I’ve just received my complimentary copy of “Information Retrieval: Searching in the 21st Century“. This book is co-written with my colleagues on the BCS IRSG committee, and edited by Ayse Goker and John Davies. It has been several years in the making, so my thanks and congratulations go to Ayse and John in doing an excellent job in seeing this through from initial idea to finished volume.
My own chapter, co-written with my ex-Reuters colleague Mark Stevenson, is “The Role of Natural Language Processing in Information Retrieval: Search for Meaning and Structure”. The chapter is perhaps a little more academic in style than the material I would normally write, but hopefully in keeping with the scholarly traditions of the BCS and also consistent with other contributions in this volume.
The book is available from Amazon, and I hope to be able to offer a copy for review in Informer. In the meantime, I’ve appended Stephen Robertson‘s foreword below. If you’d like to volunteer to review the book for Informer, let me know.
In the forty years since I started working in the field, and indeed for some years before that (almost since Calvin Mooers coined the term information storage and retrieval in the 1950s), there have been a significant number of books on information retrieval. Even if we ignore the more specialist research monographs and the ‘readers’ of previously published papers, I can find on my shelves or in my mental library many books that attempt (probably with the IR student in mind) to construct a coherent and systematic way of defining and presenting information retrieval as a field of study and of application.
Often such a book is the work of a single author, or perhaps a pair working together. Such works can clearly have an advantage in respect of coherence; the field is necessarily presented from a single viewpoint. On the other hand, they can also suffer for the same reason. The IR field is rich (more so now than it has ever been), and it is difficult within a single viewpoint to do justice to this richness. Readers, on the other hand, have to be constructed out of the materials to hand: the published papers, each of which has taken its own view, probably with a much narrower field of vision, and different from that of the other chosen papers.
The present book attempts the tricky task of combining the breadth of vision of multiple authors with the coherence of a single integrated work. The richness of the field is apparent in the range of chapters: from formal mathematical modelling to user context, from parallel computation to semantic search.
The topics covered also vary greatly in their historical association with the field. Categorisation, for example, has been around as an IR technique for quite a long time – though Stuart Watt brings a new perspective. Mobile search (David Mountain, Hans Myrhaug and Ays¸e G¨oker), however, is a relatively recent development. The use of formal models (information retrieval models, Djoerd Hiemstra) goes back almost to the beginning, as does experimental evaluation (user-centred evaluation of information retrieval systems, Pia Borlund), though in both cases there have been huge changes in the past decade.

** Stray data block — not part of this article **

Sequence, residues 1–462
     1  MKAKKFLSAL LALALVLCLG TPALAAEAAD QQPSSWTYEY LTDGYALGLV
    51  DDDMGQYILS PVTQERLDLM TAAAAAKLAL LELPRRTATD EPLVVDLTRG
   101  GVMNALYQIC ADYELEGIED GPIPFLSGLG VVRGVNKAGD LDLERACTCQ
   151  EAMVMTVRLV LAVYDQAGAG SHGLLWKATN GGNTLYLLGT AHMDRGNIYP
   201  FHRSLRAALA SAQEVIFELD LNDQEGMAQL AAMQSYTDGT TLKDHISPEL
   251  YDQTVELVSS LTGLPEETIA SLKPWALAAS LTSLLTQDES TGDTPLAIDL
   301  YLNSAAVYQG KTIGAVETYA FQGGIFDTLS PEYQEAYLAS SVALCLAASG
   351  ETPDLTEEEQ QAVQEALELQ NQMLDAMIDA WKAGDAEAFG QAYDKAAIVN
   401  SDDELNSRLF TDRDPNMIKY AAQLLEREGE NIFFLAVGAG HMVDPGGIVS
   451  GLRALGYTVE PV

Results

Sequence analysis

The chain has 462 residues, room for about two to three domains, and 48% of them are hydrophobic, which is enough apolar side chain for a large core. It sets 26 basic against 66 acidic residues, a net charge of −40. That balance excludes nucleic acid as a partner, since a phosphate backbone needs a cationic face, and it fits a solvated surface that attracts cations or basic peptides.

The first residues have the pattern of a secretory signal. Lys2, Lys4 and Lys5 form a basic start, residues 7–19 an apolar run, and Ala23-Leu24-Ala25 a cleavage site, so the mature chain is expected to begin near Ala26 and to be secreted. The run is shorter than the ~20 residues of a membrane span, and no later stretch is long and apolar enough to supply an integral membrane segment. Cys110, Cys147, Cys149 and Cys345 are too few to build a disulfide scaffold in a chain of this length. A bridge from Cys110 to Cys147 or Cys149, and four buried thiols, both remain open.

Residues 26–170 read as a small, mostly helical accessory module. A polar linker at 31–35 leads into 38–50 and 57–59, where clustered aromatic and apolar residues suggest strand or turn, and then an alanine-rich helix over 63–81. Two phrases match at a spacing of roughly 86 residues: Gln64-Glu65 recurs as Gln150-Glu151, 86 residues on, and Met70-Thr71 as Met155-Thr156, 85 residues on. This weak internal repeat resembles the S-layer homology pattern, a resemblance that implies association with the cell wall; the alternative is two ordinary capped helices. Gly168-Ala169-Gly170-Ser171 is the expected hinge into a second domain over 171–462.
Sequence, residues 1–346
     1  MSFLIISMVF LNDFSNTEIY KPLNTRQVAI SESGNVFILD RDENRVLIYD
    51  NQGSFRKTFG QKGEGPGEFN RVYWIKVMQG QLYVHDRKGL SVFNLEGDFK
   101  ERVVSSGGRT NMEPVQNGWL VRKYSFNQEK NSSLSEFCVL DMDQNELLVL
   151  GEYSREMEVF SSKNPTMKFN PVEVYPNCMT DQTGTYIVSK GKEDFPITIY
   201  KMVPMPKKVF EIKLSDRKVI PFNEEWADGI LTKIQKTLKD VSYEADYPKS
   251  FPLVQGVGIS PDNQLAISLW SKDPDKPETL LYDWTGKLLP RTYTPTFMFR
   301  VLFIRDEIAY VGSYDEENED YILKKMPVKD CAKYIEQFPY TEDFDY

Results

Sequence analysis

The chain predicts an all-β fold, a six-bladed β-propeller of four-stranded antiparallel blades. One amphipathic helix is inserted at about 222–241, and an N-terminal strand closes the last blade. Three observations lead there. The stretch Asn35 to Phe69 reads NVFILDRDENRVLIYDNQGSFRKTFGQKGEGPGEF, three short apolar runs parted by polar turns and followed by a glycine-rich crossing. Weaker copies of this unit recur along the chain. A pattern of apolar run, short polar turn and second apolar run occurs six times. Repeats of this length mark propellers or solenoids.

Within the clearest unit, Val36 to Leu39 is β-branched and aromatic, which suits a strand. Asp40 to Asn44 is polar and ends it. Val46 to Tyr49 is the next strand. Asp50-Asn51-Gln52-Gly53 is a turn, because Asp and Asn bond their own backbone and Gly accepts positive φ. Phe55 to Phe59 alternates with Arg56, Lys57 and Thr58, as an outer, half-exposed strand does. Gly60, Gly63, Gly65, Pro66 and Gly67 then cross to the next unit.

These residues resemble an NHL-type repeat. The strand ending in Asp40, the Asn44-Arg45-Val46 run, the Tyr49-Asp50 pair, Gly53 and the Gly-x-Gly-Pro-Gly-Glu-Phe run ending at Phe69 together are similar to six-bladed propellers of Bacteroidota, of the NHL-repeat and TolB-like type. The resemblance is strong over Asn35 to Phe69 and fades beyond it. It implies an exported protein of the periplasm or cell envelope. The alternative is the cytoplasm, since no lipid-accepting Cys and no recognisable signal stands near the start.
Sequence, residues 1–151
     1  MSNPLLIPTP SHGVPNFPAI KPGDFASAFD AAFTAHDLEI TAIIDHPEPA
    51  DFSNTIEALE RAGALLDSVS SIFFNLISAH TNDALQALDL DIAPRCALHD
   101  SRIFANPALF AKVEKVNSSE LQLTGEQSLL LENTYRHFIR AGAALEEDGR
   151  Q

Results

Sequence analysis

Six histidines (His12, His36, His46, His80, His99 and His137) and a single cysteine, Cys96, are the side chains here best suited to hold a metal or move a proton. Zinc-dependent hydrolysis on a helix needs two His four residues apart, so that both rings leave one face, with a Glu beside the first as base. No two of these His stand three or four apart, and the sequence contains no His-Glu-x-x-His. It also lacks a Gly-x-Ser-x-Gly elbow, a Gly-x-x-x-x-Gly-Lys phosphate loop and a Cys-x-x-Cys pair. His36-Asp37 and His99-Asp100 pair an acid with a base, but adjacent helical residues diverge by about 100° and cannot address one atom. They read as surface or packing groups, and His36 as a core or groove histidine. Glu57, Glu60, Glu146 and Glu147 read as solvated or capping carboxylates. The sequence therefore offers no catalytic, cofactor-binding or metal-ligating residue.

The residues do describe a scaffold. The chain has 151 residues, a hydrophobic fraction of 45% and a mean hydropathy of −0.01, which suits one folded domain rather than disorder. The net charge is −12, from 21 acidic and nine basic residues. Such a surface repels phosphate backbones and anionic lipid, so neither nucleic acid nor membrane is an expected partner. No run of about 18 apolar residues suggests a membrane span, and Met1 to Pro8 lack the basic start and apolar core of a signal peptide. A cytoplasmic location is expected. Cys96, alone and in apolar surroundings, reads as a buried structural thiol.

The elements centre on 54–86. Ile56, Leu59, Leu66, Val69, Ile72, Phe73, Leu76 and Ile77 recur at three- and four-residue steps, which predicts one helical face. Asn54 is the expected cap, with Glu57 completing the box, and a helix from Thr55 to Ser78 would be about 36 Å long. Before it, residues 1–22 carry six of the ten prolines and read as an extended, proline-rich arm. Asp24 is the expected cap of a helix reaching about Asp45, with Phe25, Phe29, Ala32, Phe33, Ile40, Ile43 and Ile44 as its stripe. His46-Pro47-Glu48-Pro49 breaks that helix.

This same decade has witnessed the huge growth of the World Wide Web, and the developing dominance of web search engines (web information retrieval , Nick Craswell and David Hawking) as the glue which holds the web together. For many people today, IR is web search. It is true that there has been a huge amount of influence in both directions: search engines are largely based on techniques from both the IR research community and from previous operational systems, while IR research and
practice in other environments has learnt a great deal from the forcing-house that is the web search space. This dominance of the web as the domain of interest is well reflected in many of the chapters in the present volume.
It is important, however, to remember that IR is not all about web search, and that the web space presents both problems and opportunities which differ from those in other domains. The desktop, the enterprise, specialist collections such as scientific papers are all examples of different domains for which search functionality is a fundamental requirement. There are references to several of these throughout the book, but specific domains with their own chapters are multimedia resource discovery
(Stefan R¨uger) and image users’ needs and searching behaviour (Stina Westman). The user theme is taken further in the context and information retrieval (Ays¸e G¨oker, Hans Myrhaug and Ralf Bierig). More generic problem areas are addressed in cross-language information retrieval (Daqing He and Jianqiang Wang), in semantic search (John Davies, Alistair Duke and Atanas Kiryakov) and in the chapter on natural language processing (Tony Russell-Rose and Mark Stevenson). Finally, a chapter
on performance issues and parallelism (Andrew MacFarlane) addresses more technical computing concerns.
Information retrieval, from being the rather arcane subject in which I did my masters degree forty years ago, has become one of the defining technologies of the twenty first century. I believe the present book does justice to this status.
Stephen Robertson, 2008